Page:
NUCA Nails Our 2021 Thesis to Congress’ Door

interior of Capitol Building dome

The many promises of infrastructure are finding large audiences in the new 117th Congress. As Congress prepares to debate this spring on a much-needed major infrastructure package, NUCA sent early in the session a letter to Congressional leadership and all relevant House and Senate committee leaders offering our studied perspective on issues and policies related to underground utility construction.

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The letter, written by NUCA’s legislative staff and signed by CEO Doug Carlson, outlines our top priorities this year and opines on our expert perspective about what we think is best for this legislative package and for our member’s successes in the months ahead.

What follows are several edited selections from the six-page letter which can be read in its entirety at (under Media/Comment Letters):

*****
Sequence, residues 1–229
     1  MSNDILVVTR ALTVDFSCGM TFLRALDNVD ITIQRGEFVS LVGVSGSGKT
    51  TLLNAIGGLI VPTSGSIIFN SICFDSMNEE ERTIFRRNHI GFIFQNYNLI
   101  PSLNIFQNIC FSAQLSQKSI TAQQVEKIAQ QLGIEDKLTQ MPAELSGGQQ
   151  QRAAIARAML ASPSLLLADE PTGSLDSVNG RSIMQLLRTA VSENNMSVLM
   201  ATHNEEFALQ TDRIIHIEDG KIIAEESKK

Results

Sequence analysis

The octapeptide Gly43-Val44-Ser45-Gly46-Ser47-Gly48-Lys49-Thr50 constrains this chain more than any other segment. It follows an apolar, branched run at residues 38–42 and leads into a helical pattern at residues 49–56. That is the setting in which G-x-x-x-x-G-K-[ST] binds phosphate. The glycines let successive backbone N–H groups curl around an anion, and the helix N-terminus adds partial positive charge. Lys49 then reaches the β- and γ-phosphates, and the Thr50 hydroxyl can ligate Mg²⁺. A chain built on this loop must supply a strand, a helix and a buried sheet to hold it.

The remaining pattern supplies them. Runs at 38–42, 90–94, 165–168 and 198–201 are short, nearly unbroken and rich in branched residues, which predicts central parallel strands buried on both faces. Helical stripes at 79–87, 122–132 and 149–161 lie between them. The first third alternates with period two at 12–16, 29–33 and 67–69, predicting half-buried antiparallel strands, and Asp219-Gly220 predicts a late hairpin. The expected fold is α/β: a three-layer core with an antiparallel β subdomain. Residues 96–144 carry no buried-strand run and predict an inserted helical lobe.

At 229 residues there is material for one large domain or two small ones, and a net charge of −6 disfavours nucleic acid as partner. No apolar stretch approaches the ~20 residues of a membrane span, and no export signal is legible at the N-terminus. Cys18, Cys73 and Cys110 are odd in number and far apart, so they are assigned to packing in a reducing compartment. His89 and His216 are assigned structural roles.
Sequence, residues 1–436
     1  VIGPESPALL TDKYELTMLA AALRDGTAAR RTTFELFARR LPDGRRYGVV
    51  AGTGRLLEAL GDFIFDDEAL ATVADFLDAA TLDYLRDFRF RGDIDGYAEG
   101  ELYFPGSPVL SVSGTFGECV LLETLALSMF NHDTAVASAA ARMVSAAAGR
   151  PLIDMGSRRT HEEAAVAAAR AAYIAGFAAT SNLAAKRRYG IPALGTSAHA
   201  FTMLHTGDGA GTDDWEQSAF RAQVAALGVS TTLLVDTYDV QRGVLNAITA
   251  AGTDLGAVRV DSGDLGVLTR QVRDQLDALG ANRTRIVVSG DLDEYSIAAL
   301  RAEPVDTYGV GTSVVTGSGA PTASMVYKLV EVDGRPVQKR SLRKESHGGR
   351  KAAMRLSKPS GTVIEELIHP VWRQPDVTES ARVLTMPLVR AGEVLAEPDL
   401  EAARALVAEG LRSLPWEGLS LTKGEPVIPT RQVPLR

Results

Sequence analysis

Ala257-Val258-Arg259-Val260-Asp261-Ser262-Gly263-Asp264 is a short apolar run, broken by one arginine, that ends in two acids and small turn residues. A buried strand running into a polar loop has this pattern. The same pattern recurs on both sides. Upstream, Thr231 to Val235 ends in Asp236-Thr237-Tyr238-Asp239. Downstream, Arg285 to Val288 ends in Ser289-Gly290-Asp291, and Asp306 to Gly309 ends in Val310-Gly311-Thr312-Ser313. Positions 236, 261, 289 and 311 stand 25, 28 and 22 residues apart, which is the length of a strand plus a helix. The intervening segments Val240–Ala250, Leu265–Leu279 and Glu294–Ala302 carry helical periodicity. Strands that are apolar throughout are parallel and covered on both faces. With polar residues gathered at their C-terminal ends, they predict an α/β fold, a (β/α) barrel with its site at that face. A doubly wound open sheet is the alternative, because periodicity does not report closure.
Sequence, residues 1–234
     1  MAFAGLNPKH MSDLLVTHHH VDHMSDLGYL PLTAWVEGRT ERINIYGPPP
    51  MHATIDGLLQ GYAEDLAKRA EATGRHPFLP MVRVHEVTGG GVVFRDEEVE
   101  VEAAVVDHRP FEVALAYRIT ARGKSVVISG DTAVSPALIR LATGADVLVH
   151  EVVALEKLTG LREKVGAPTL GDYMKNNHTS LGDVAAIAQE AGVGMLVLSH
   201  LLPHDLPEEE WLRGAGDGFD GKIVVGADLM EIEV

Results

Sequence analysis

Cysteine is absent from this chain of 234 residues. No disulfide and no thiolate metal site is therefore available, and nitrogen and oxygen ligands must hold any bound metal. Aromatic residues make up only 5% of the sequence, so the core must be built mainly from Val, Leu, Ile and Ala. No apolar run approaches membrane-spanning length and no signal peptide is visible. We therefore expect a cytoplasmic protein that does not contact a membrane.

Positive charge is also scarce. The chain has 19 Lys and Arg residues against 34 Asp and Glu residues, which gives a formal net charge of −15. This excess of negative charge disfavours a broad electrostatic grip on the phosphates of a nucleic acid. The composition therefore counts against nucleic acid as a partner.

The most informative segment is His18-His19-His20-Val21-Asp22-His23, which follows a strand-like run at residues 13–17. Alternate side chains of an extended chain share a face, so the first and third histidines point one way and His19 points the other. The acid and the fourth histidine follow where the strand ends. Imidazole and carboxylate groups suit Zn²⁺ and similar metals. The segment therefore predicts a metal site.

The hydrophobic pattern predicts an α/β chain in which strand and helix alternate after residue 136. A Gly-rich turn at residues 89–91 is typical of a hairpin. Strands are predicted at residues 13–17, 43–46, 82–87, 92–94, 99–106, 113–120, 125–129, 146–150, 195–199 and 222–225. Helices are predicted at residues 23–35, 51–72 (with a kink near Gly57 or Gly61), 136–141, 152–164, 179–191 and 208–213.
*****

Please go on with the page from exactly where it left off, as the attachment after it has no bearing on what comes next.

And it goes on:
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Fortifying our Infrastructure

The February 2021 widespread failure in Texas and other states in the face of cold weather is putting the dilapidated state of America’s power infrastructure in the spotlight. Modernizing the electrical grid to make it more resilient, efficient, and secure will be complex and expensive, and major improvements will require all local utilities to make major investments to improve their systems. In many cases, local utility companies lack the capital and political will to build a stronger grid on their own.